Karen Henry v. Attorney General United States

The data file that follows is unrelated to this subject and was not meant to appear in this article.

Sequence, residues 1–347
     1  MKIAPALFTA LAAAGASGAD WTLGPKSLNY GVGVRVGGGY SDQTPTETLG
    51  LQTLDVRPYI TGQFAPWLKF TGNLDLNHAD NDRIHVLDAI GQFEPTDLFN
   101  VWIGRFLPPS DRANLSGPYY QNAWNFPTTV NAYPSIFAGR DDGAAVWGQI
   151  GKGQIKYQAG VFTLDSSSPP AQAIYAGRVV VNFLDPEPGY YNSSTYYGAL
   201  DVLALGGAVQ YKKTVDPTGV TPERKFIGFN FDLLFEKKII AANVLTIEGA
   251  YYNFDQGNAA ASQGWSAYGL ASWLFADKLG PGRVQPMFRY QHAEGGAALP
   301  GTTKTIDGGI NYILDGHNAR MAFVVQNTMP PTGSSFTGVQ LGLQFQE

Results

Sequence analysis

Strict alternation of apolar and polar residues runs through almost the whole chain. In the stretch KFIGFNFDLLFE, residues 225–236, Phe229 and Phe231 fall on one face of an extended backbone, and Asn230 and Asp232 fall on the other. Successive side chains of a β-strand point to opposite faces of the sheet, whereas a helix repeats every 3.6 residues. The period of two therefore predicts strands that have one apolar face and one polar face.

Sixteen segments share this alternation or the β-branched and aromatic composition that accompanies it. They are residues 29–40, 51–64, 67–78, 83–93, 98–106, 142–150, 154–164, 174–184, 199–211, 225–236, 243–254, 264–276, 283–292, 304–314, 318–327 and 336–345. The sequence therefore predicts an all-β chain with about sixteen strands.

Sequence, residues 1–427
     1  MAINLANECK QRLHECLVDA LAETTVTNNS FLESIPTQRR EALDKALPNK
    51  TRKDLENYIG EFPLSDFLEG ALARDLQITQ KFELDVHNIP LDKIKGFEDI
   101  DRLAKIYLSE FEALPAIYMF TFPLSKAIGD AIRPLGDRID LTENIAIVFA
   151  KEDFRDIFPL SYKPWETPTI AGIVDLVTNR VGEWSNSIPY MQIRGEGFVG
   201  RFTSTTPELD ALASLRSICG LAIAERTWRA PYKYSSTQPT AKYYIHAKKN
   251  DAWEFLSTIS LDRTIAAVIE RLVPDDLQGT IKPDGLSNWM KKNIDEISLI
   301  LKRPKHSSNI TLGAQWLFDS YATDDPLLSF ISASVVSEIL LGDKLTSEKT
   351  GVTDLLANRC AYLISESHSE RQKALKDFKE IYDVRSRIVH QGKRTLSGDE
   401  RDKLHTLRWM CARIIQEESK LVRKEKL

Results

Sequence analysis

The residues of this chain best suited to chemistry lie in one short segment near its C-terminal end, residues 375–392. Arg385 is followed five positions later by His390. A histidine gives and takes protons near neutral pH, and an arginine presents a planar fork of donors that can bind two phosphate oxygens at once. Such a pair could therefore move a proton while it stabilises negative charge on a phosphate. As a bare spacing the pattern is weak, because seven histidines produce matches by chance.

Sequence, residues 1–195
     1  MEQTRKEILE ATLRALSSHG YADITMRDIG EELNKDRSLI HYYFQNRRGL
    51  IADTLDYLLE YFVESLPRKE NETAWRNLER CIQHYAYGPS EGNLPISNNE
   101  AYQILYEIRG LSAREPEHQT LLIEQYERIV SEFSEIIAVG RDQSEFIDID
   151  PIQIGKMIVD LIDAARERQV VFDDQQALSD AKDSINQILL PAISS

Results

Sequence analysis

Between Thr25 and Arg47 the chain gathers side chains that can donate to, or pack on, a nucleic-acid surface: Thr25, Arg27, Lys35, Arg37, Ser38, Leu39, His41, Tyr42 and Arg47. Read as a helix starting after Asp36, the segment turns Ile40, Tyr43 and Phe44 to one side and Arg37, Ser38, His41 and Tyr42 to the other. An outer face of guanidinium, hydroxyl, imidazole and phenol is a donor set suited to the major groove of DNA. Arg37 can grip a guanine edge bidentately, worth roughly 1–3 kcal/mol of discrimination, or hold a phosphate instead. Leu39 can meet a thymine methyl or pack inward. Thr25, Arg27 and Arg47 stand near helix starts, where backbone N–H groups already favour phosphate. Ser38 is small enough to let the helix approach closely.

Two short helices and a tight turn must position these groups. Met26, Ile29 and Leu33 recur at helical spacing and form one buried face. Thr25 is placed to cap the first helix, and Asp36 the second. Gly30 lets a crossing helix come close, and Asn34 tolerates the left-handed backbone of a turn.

NOT PRECEDENTIAL UNITED STATES COURT OF APPEALS FOR THE THIRD CIRCUIT No. 17-3025 KAREN SHANAIR HENRY, Petitioner v. ATTORNEY GENERAL OF THE UNITED STATES OF AMERICA, Respondent __________________________ On Petition for Review of an Order of the Board of Immigration Appeals (Agency No.: A205-986-944) Immigration Judge: Steven A. Morley _____________________________ Submitted under Third Circuit L.A.R. 34.1(a) on April 17, 2018 Before: GREENAWAY, JR., RENDELL, and FUENTES, Circuit Judges (Opinion Filed: May 2, 2018) O P I N I O N* ___________ * This disposition is not an opinion of the full Court and pursuant to I.O.P. 5.7 does not constitute binding precedent. RENDELL, Circuit Judge: Karen Shanair Henry 1 petitions for review of the Board of Immigration Appeals’ (“BIA”) order affirming the Immigration Judge’s (“IJ”) decision of inadmissibility and order of removal. The IJ sustained four independent charges of inadmissibility against Henry: (1) alien present in the U.S. without being admitted or paroled (8 U.S.C. § 1182(a)(6)(A)(1)); (2) alien who by fraud or willful misrepresentation procured or sought to procure a visa, other documentation or admission into the U.S. or other benefit under the Immigration and Nationality Act (“INA”) (8 U.S.C. § 1182(a)(6)(C)(i)); (3) alien who falsely represented herself to be a U.S. citizen for any purpose or benefit under federal or state law (8 U.S.C. § 1182(a)(6)(C)(ii)(I)); and (4) alien who has been convicted of or who admits to committing acts which constitute a crime of moral turpitude (8 U.S.C. § 1182(a)(2)(A)(i)(I)). Henry concedes that she was convicted of a crime of moral turpitude. Br. for Appellant at 26. Our review is therefore limited to constitutional and legal issues; we do not review the agency’s findings of fact. See 8 U.S.C. § 1252(a)(2)(C)-(D); Pierre v. Att’y Gen. of U.S., 528 F.3d 180, 184 (3d Cir. 2008). Henry argues that she is not inadmissible under 8 U.S.C. § 1182(a)(6)(A)(1), (a)(6)(C)(i), or (a)(6)(C)(ii)(I). She also argues that her inadmissibility under 8 U.S.C. § 1182(a)(2)(A)(i)(I) should be waived. These arguments rely in part on the IJ’s factual findings, which are outside the scope of our review. To the extent that her arguments raise reviewable legal issues, they are without merit. We will therefore deny Henry’s petition for review. 1 The petitioner also goes by the name Karen Ming Henry. 2 I. Background Henry is a Jamaican citizen who entered the United States some time in or before 2012. In 2012, Henry applied for a U.S. passport, falsely claiming to be a U.S. citizen. SA59. As a result, Henry was charged with violating 18 U.S.C. § 1542, which prohibits knowingly making a false statement in an application for a U.S. passport. SA59, 62. Henry pled guilty to violating 18 U.S.C. § 1542 in the United States District Court for the District of Delaware. Henry v. United States, No. 1:12-cr-00065-RGA, 29014 WL 5307177 (D. Del. Oct. 17, 2014). Henry was placed in removal proceedings on November 14, 2013. SA 70-72. The Department of Homeland Security (“DHS”) charged Henry as inadmissible on four independent grounds ...

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